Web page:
Friday, July 16, 2010

Manor predicts $700K loss for 2011

Levy would allow county to reduce deficit spending

Express Staff Writer

Blaine Manor staff has predicted a budget deficit of more than $700,000 for the next fiscal year, which starts in October. The net loss has traditionally been funded by Blaine County, but the county has been deficit spending in order to fund the facility’s shortfall. Photo by David N. Seelig

Blaine Manor projected a deficit of more than $700,000 for fiscal year 2010-11 at a budget hearing before the Blaine County Commission on Tuesday. The number is of special interest this year with a levy vote proposed to support the facility set for Aug. 3.

While projected revenues for next year are $1.7 million, expenses are projected to be $2.4 million.

A deficit of this magnitude is typical, said Stephanie Jaskowski, Blaine Manor's director of finance and human resources. The county has been subsidizing the nursing home in Hailey since the manor's separation from St. Luke's hospital in 2000.

The two-year, $1.9 million levy would increase property taxes for two years by an estimated $9.40 for each $100,000 in property value. That sum would cover the county's expenses for Blaine Manor for three years. To cover the costs in recent years, the county has been dipping into its reserves.

Commissioner Angenie McCleary said the use of the county's reserves isn't a permanent solution, as the county's reserve fund must equal 25 to 35 percent of its total budget, to pay bills before tax revenues come in and to provide for potential emergencies.

"It's important to the board that we stop spending from our reserves," McCleary said.

Though the county would no longer be directly paying for Blaine Manor if the levy passes, the levy would only enable it to stop drawing from its reserves, not funnel the money into other programs.

In addition, levy revenues can only legally be spent on Blaine Manor's operational expenses.

The levy can be canceled or reduced for the second year if the full amount is not required.

Any funding by the county for senior care has been a matter of some debate.

"There are very few counties who run nursing homes," McCleary said. "It's just not a sustainable model."

There has been a steady increase in the manor's expenses over the past few years, mainly due to the rising cost of employee health insurance and utilities. Blaine Manor operates mostly on county funding, private pay and reimbursements from Medicare and Medicaid. Jaskowski said the contractual adjustments, the portion of a patient's bill that the facility must write off due to insurance billing agreements, equals about half of its current operational loss.


"If we wanted to break even, we'd have to charge $320 per patient per day," Jaskowski said. "Unfortunately, the market won't bear that."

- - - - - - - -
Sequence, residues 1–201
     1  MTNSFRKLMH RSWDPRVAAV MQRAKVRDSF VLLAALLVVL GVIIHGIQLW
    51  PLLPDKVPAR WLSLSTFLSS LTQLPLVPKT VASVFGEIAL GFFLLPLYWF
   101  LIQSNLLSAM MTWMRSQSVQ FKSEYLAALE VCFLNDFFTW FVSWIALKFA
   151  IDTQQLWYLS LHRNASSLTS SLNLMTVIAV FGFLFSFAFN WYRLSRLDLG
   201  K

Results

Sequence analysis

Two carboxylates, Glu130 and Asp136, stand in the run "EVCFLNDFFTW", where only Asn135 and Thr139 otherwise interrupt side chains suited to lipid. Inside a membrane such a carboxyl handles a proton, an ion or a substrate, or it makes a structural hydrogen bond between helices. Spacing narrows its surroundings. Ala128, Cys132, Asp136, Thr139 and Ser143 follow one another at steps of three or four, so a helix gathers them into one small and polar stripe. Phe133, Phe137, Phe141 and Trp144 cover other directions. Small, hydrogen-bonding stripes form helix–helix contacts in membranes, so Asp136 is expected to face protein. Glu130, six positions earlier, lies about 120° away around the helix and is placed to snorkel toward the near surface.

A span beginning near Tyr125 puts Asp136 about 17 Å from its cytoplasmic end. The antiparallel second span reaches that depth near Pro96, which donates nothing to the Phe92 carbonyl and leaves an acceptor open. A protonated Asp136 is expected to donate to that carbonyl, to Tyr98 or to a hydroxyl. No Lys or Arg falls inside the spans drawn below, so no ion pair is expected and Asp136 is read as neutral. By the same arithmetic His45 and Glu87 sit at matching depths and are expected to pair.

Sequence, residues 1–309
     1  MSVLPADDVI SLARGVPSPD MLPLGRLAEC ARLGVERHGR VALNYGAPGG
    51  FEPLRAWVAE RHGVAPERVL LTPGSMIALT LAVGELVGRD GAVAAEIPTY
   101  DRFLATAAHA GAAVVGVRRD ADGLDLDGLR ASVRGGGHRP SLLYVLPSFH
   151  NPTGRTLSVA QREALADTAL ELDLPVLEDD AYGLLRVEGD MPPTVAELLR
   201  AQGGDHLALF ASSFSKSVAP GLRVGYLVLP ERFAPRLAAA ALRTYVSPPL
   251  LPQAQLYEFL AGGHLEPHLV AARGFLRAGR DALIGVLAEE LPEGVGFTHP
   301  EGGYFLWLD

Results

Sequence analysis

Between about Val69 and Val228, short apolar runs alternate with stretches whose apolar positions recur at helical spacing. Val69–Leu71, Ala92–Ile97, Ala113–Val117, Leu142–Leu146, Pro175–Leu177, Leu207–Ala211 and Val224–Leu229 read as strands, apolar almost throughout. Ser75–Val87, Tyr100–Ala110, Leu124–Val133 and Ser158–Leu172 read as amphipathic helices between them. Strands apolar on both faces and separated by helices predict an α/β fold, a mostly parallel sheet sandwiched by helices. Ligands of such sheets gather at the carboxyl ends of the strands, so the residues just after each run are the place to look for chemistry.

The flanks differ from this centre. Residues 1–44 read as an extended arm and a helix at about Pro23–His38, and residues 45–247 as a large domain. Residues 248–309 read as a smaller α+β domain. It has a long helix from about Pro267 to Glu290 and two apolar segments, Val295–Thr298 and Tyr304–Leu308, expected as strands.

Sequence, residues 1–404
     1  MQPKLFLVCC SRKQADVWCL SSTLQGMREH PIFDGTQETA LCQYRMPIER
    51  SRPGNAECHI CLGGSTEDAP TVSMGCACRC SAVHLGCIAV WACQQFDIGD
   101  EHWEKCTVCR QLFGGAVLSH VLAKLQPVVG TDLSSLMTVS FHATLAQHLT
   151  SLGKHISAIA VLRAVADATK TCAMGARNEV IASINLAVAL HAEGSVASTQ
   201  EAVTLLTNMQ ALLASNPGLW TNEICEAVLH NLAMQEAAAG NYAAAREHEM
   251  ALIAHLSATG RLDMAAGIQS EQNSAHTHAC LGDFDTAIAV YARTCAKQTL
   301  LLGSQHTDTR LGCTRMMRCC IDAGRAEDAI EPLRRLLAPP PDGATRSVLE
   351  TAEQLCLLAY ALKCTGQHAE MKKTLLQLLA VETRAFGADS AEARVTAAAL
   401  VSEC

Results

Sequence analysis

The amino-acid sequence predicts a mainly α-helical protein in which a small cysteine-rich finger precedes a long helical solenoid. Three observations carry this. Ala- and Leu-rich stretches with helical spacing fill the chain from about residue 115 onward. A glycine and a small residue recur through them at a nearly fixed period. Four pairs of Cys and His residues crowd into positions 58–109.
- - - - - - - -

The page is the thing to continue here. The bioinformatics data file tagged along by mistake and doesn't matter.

Blaine Manor's loss comes from the difference between the average patient cost and what the facility currently charges, which is $222 a day. According to the Met Life Mature Market Institute, the average daily rate for a private room in senior-care centers in Boise is $221, though that includes larger facilities and centers with attached assisted- and independent-living facilities, where revenue is higher and expenses lower. Room rates are also affected by local cost of living, which is significantly higher in Blaine County than in Boise.

Jaskowski said she could increase room rates, but residents wouldn't be able to afford it and the amount of Medicare and Medicaid reimbursements would not increase.

Though Jaskowski said her management team is constantly comparison shopping for items they can save on, such as food, much of the expense of running Blaine Manor comes from employee salaries and benefits. She said the facility cannot reduce staffing, due to federal and state nursing home regulations.

The preferred senior-care model is a continuum of care, under which a skilled-nursing facility is connected with independent and assisted senior living. The cost of care for such residents is much lower, and the revenue from those patients helps cover the expenses of skilled nursing.

The proposed Croy Canyon Ranch, a private facility slated to be completed west of Hailey by January 2014, would be a tiered facility. The Croy Canyon Ranch Foundation was formed in 2001. Executive Director Kathleen Eder said the foundation's fundraising is still on track, having raised $3 million to $4 million of a required $13 million.

McCleary said if the levy doesn't pass in August, the county has a number of options to consider. She said the commissioners could try to find another way to balance the deficit by cutting other expenses.

However, she said, "In our minds as a board, there's not a lot of room for cuts."

The county could also hold another levy election in May 2011 or work to develop what McCleary called an "exit strategy" for closing Blaine Manor.

She said an exit strategy would not have an impact on the county's budget for at least a year. She said a plan would likely begin by shutting the manor to new residents. However, many of the facility's costs are fixed, and fewer new residents would mean less revenue. As a result, the facility's cost to the county would likely increase before it could be closed.

McCleary said the commissioners remain hopeful that county residents will vote to approve the levy.

"We have a responsibility to Blaine Manor," McCleary said. "It's amazing how much people are willing to step up and help."

Katherine Wutz:

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